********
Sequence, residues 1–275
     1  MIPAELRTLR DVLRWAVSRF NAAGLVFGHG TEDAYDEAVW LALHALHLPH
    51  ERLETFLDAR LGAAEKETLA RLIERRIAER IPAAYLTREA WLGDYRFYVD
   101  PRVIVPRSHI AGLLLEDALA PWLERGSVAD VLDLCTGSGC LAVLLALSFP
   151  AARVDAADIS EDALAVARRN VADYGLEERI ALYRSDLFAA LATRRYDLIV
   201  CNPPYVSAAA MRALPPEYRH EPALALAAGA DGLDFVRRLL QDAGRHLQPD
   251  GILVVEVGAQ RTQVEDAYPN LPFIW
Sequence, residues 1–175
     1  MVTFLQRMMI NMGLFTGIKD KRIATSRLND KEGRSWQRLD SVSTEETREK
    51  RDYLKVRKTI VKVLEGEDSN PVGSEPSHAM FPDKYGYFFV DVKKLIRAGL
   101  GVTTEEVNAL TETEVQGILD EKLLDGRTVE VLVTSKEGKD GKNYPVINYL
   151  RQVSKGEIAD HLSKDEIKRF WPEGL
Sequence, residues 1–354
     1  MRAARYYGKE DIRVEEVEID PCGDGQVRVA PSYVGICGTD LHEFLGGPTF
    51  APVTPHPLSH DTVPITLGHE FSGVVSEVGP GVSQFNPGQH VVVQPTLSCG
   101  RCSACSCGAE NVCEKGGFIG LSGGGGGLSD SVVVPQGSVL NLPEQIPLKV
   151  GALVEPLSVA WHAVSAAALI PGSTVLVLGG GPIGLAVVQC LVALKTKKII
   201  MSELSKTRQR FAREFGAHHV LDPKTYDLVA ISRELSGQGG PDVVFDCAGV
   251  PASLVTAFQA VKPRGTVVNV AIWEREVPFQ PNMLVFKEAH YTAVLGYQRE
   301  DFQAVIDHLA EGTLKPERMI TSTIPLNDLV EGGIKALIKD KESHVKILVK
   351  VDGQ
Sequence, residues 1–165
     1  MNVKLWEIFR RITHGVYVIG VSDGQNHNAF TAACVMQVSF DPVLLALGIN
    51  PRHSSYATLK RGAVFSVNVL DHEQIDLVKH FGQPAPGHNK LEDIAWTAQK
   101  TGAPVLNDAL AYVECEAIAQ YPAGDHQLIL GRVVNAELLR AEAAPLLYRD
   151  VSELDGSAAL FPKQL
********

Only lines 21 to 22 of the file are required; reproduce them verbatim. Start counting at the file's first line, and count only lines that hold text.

   351  VDGQ
Sequence, residues 1–165